John Wizards is a duo made up of John Withers, a white, South African songwriter and musician, and Emmanuel Nzaramba, a black, Rwandan vocalist living in Cape Town. The two met while Nzaramba was working as a car guard outside a coffee shop that Withers frequented; Nzaramba saw that Withers had a guitar and the two started talking music. The band’s origin story is strikingly similar to The Very Best’s, albeit in an entirely more racially fraught environment.
While talking about the rarity of black and white South Africans playing in bands together in an interview with Pitchfork, Withers said “you don’t want to use an African singer just because you want something to have an African vibe.” John Wizards avoids that pitfall on its self-titled debut. The album is distinctly African, but it’s also clearly influenced by Western indie rock and a million other kinds of music. It’s wholly unclassifiable, a wild mix of styles that approaches sui generis, an ebullient stream of different genres, instruments, melodies, sometimes all within a single song.
The album starts with ‘Tet Lek Schrempf,’ a gentle, repetitive keyboard melody that morphs into a cheap synthesizer fanfare and then just as quickly to a stomping conch shell interlude and then again to a squealing guitar riff. On first listen it’s shocking and audacious sounding and the parts seem a little incongruous. After you hear it a few times it all starts making sense ,but still the song feels no less audacious. The album moves to the lilting, African synthpop of ‘Lukasa by Night,’ the album’s lead single. It’s one of several moments on the record, including ‘I’m Still a Serious Guy,’ a gorgeous mix of reggae and Ezra Koenig-esque phrasing, where you can hear the sound of Vampire Weekend (an avowed influence) filtered back through African pop. Nzaramba has a handsome, clear voice and he sings in his native Kinyarwanda. On ‘Lukasa by Night’ his voice drips with autotune but on other songs, like the mellow tropicalia of album closer ‘Friend,’ the vocals are just as affecting when left unmodulated and plain.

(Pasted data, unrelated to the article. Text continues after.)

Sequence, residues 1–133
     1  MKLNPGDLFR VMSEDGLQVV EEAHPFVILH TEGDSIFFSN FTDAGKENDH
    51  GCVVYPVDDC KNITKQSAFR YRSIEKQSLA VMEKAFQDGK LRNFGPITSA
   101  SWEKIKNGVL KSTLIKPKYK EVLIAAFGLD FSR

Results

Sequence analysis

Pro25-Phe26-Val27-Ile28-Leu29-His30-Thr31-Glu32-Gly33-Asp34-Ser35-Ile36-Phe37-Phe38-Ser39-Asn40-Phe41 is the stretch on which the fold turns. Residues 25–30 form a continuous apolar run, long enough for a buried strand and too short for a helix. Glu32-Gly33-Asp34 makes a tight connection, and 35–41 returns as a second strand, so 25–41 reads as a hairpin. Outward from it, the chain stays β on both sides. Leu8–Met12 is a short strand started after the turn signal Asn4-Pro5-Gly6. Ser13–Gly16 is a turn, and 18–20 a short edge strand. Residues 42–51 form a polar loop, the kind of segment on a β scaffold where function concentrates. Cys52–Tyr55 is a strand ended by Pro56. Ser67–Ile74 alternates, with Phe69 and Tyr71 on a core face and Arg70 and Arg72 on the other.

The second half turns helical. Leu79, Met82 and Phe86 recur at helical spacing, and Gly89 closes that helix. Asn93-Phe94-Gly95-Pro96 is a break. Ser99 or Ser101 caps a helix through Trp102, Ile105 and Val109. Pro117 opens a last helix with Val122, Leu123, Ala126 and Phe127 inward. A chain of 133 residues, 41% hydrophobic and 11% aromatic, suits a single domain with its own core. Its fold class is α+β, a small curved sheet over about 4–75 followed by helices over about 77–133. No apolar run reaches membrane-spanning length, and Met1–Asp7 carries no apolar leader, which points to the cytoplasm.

Each song on John Wizards surprises in the way it combines familiar elements in unfamiliar ways. ‘Muizenberg’ moves from chamber pop vocals to a scuzzy guitar riff. ‘Finally/Jet Up’ starts with a meditative, almost ambient opening and ends up at a sped up climax that recalls Disclosure. ‘Maria’ is a pretty love song highlighted by a recorder part. Even when the band plays it relatively straightforward the the details are original enough to keep you engaged. ‘Jamieo’ marries an R&B backing track with deeply understated vocals. ‘iYongwe’ is chintzy 80’s funk with an incessantly repeated melody that would be irritating if it weren’t so catchy. Synthesizers are the one constant – Withers employs the instrument for everything from the sunny, childlike melody of ‘Lushoto’ to a house sound on ‘Durvs.’ The band also uses rhythm, even as it shifts, to smartly tie together a song’s different parts.
John Wizards, for all its strengths, is not an album that is easily digested and enjoyed. Its stylistic diversity can be off-putting at first. But the more you listen, the more it all comes together. And it’s worth listening enough to get to that point, because the band has created one of the more unique and refreshing debuts in recent memory.